A Few Things To Consider When Buying Rural and Off Grid Property

Buying an off grid home or rural land is different than a typical real estate deal. Work with a professional who understands the unique needs of someone who wants to live “The Good Life”.

Here's a few things that a typical real estate agent might not be used to thinking about…

Does the property face South (ish)? If not, forget about passive solar home design, and prepare to spend twice as much on active solar (eg solar panels).
Does the property retain all water and mineral rights? The last thing you want is a nice, strong stream that you can’t do anything with, a well that has to be shared with an irresponsible neighbor who likes to wash their car with a hose every week, or some coal company running their dozers all over the place because somewhere a few generations ago a previous land owner sold the mineral rights.
Has it been perk tested? And if so, for how many bedrooms / dwellings? A piece of land that doesn’t drain well cold make it very difficult to get a septic system in place. Your garden will have troubles too.
What is the water source? Does it have a well or a spring? If not, how deep did the neighboring properties have to drill? You’ll want to get that checked out before signing the dotted line. An off grid property without water is almost useless for someone who wants to live there full time.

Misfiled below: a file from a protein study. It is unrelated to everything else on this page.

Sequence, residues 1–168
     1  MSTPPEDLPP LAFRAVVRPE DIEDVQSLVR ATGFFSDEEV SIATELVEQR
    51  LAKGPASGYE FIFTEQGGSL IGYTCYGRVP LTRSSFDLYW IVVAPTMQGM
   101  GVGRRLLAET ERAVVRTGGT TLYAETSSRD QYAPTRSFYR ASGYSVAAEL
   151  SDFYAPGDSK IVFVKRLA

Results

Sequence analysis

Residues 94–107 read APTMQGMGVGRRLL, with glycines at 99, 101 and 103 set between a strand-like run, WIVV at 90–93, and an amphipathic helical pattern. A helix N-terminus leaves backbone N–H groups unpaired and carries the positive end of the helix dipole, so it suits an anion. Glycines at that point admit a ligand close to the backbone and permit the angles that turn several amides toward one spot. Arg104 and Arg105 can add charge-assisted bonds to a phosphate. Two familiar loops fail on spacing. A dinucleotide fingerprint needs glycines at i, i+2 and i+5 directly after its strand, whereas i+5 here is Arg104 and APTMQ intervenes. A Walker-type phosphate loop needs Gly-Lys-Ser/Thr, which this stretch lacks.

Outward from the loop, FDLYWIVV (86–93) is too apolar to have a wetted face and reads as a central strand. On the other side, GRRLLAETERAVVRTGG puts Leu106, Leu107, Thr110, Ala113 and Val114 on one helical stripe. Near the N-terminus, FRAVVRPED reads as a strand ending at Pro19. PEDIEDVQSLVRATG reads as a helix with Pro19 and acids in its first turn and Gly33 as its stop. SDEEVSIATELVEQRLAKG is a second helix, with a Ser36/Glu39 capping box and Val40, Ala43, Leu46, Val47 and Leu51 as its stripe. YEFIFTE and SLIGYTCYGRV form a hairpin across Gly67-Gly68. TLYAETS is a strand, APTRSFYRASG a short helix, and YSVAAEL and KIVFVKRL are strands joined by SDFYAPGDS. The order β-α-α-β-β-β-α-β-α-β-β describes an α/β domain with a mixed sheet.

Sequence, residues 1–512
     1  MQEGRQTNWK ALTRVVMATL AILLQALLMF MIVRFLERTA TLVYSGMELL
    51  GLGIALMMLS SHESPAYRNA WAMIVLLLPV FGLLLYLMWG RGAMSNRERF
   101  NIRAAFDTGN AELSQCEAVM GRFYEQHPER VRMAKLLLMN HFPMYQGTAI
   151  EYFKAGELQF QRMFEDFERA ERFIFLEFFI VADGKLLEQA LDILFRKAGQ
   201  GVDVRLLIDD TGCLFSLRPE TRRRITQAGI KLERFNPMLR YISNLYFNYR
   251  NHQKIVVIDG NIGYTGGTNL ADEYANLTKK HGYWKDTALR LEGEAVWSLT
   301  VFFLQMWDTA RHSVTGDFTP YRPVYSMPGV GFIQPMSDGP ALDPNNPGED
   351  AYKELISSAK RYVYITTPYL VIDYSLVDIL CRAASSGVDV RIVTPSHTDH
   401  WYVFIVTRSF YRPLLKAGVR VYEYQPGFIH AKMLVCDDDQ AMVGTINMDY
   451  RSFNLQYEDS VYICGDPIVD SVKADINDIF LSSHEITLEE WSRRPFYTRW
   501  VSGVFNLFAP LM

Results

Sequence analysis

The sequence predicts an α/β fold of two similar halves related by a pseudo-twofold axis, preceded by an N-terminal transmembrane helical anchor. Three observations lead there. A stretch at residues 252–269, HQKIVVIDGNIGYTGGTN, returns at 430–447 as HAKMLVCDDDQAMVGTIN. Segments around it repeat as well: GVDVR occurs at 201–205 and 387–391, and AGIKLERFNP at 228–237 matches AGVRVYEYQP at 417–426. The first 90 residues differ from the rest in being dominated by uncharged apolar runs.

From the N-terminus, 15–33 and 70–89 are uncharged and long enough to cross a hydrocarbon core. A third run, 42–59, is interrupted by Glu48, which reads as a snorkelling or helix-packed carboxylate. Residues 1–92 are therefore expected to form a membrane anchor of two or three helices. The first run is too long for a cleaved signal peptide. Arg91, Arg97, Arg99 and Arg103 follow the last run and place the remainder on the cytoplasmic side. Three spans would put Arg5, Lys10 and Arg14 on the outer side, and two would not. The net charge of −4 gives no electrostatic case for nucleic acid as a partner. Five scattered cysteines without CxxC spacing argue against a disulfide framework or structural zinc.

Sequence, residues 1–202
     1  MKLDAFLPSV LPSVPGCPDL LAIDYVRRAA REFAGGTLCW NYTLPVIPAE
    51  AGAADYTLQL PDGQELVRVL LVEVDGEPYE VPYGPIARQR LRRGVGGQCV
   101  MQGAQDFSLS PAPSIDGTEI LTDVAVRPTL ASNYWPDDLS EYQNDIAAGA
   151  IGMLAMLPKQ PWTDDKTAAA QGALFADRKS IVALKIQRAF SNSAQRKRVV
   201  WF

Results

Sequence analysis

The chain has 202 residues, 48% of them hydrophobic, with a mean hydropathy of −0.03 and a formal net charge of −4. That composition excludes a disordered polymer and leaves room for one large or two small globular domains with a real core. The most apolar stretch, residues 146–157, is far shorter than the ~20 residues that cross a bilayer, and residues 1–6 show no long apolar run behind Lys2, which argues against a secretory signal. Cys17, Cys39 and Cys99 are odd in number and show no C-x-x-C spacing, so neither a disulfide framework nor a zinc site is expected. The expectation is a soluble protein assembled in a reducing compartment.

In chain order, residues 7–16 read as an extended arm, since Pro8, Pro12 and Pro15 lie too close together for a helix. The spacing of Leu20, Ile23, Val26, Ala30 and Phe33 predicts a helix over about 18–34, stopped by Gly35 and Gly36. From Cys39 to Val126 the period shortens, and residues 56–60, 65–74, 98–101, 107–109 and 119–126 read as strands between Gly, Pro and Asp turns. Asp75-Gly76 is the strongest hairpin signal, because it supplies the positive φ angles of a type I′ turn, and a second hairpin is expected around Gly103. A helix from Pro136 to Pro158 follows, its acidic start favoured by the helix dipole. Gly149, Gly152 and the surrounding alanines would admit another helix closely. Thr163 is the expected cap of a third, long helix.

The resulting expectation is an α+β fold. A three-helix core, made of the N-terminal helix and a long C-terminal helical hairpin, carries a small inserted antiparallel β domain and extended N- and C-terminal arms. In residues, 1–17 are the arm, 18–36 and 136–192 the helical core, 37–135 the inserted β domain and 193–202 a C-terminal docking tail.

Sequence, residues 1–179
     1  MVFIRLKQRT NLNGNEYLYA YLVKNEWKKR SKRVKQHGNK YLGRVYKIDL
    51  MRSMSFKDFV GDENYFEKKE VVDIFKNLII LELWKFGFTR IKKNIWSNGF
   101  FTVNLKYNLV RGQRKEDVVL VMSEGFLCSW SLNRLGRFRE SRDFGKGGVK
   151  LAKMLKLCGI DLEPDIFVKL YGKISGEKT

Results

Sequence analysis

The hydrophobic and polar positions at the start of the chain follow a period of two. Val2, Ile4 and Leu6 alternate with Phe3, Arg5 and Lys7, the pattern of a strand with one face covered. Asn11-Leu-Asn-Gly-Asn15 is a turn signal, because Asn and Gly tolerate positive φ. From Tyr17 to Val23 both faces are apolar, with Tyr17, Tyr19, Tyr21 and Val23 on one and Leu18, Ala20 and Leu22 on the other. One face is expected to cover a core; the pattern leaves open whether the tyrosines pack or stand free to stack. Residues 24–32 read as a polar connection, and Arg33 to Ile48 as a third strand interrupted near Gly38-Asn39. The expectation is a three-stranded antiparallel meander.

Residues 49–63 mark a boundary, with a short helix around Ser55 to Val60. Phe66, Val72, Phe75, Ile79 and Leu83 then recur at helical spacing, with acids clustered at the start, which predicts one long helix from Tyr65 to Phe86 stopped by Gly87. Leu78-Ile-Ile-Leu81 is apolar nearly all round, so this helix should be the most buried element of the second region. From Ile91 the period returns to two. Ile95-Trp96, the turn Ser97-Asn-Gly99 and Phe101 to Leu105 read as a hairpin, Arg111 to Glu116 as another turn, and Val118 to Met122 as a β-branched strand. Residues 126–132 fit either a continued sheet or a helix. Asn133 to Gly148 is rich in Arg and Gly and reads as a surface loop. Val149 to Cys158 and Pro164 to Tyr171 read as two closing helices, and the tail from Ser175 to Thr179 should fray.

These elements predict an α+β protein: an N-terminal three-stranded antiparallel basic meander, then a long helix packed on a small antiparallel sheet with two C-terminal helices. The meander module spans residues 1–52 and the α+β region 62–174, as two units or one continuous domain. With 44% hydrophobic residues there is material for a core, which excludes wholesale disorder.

What are the satellite internet connections like? You’re on this website, so I’m assuming you know how to use the internet and find it useful. If you’re like me, you might plan on making your living online. A good satellite internet connection could mean the difference between thriving in the country or finding yourself back in the factory or cubicle in another two years.
How does the land lay? Aside from having a south-facing building site, is there a pasture area and garden area that gets plenty of sun? Is it flat, sloping, or steep? If you have “great views” that might be a keyword for “steep”. Homesteaders who plan on having any kind of livestock or sizeable garden should have a few acres of level to sloping land.
What are the restrictions? I’m assuming you want to get away from things like covenants and homeowners associations because you’re looking for off grid or rural land. So the last thing you want to do is get half-way through the process, fall in love with a property, and discover that you can’t have those goats or chickens you dreamed about due to a deed restriction of some kind. Or maybe you want to build cabins to rent out. You’d better check the restrictions on how many dwellings are allowed then.
Are there any easements? Do you have to go thru someone else’s property to reach your own? If so, is that stipulatted in both deeds? Don’t trust a friendly handshake on this. What if the neighbor sells his property to a developer or a jerk?
Is the road county maintained? This could come down to preference. Some might like the idea of getting “snowed in” for a few weeks, but if you have health problems and might need to get to a hospital, or don’t have enough food “put up” to get you through the winter months, a county-operated plow could mean the difference between life and death.

There are way too many details to think about when looking for rural land or off grid homes for sale for us to put them all down on this page. But this is precisely why you should be working with a real estate agent who knows what to look for and which questions to ask.

SOURCE: http://www.livingoffgrid.org/contact/

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